Independent Contractor

Please note: This list is for your informational use and not intended to replace the advice of professional advisors and specialists, including, but not limited to, attorneys and certified public accountants.

General Requirements

  • DDS or DMD degree
  • Completion of a postdoctorate program in orthodontics
  • State dental license
  • Résumé/CV, cover letter, references or letters of recommendation
  • Statement of work
  • National provider identification (NPI)
  • Insurance – malpractice, life, health, long-term disability, unemployment, worker’s compensation


  • Typically does not have any ownership or equity in the practice
  • May include a time-sharing arrangement (the contractor rents time, space, and equipment in an existing practice) or solo-group arrangement (contractor shares facility overhead, personnel, supplies, and/or marketing expenses with other practitioners)
  • May be short-term or long-term with full or part-time hours

Financial Risk

  • Medium financial risk to manage finances and other business expenses
  • Responsible for some overhead and operating costs
  • Generally requires investment in facility fees, instruments, equipment, professional liability and malpractice insurance
  • Financing may be necessary
  • May have less job security compared to practice ownership

Income and Other Compensation

  • Fixed and/or variable income based on pay structure
  • Often receives income on a per diem basis
  • Income potential is generally lower compared to practice ownership
  • Responsible for benefits such as vacation and sick leave, health insurance, life insurance, disability, retirement plan, professional dues, continuing education reimbursement, liability and malpractice insurance, etc.
  • Business expenses may not be reimbursed
  • Responsible for paying income, social security, and Medicare taxes

Practice Operations

  • Requires some managerial and administrative responsibilities
  • Offers autonomy and control over work routines and procedures, such as how or when the work is done
  • May need to balance patient care with some management of business operations
  • Generally has the freedom to determine hours, fees, patient scheduling and treatment planning
  • May need to establish patient pool and hire chairside employees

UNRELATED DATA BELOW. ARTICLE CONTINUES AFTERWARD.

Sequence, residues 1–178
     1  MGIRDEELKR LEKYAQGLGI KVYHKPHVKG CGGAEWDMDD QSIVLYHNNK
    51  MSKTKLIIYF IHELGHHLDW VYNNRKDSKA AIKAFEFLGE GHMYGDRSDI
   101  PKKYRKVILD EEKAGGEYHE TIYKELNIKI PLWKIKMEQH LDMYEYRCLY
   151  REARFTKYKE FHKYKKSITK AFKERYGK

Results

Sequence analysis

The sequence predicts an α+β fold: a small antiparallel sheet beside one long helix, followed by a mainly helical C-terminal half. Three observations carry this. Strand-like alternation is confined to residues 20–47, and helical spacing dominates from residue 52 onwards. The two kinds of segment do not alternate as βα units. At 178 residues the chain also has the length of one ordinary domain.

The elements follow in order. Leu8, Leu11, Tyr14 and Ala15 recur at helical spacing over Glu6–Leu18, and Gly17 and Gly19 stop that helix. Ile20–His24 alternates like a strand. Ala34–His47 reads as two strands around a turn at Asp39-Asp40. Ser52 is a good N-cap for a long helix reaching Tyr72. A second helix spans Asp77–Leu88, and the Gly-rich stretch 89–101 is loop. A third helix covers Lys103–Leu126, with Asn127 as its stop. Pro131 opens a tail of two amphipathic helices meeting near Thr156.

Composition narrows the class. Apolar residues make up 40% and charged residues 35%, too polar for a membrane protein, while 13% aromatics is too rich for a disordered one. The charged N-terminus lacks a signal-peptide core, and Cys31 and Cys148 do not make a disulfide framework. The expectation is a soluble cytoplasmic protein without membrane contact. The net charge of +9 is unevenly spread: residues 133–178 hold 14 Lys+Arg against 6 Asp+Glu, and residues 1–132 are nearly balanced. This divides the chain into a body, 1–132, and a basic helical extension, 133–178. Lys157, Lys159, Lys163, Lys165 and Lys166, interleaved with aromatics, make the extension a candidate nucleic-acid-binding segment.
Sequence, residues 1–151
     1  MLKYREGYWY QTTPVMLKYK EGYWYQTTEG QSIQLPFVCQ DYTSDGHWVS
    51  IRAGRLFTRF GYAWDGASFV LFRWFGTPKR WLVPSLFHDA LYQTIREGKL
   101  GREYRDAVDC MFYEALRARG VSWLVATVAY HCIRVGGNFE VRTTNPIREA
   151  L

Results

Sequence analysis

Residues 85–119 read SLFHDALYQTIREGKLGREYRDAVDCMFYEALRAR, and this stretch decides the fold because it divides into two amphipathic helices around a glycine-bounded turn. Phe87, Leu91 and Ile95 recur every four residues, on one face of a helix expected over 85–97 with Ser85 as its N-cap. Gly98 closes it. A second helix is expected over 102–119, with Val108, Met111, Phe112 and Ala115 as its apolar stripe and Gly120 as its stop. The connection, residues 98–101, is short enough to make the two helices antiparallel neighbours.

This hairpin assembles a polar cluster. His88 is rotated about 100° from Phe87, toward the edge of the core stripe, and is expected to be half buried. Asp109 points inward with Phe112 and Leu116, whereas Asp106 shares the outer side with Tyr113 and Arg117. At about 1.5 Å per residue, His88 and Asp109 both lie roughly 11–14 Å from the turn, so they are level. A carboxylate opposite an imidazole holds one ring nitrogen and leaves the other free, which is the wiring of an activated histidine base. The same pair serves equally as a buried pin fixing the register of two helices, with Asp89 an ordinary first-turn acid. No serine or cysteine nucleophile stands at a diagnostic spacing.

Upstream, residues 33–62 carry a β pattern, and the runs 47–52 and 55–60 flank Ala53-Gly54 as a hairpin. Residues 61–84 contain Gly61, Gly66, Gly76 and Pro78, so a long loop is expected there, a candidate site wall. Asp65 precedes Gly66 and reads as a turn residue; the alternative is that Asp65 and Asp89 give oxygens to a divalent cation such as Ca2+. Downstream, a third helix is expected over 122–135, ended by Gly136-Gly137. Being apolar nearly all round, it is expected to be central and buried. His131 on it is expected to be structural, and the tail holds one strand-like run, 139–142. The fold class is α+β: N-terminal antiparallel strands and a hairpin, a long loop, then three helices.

• May share the same patient base with another orthodontist and/or develop an in-house referral base with a general dentist or other dental specialist

Learning Development Opportunities

  • Opportunity to obtain clinical, technical, and some practice management experience
  • May be responsible for seeking out learning and professional growth opportunities
  • May work closely with and learn from a colleague and/or experienced doctor

Legal Considerations

  • Must understand and comply with federal, state, and local laws, regulations, and requirements related to office safety, patient treatment, collections, malpractice, marketing, antitrust, taxation, and more
  • Not covered by employment and labor laws
  • Responsible for malpractice claims

Contractual Considerations

  • Often includes an independent contractor agreement outlining basic terms, legal classification, general duties, compensation, office coverage, policies, and other conditions
  • May own patient records (per contractual agreement)
  • Employer may require a restrictive covenant, prohibiting the employee from joining a competing practice within a certain time period
  • Employer may or may not be receptive to modifications or provisions to the independent contractor agreement

Work Life Considerations

  • Opportunity to enter a community where establishing or purchasing a practice may be difficult or unavailable
  • Will have flexibility to set work hours
  • May experience greater work/life flexibility and freedom of movement compared to practice ownership

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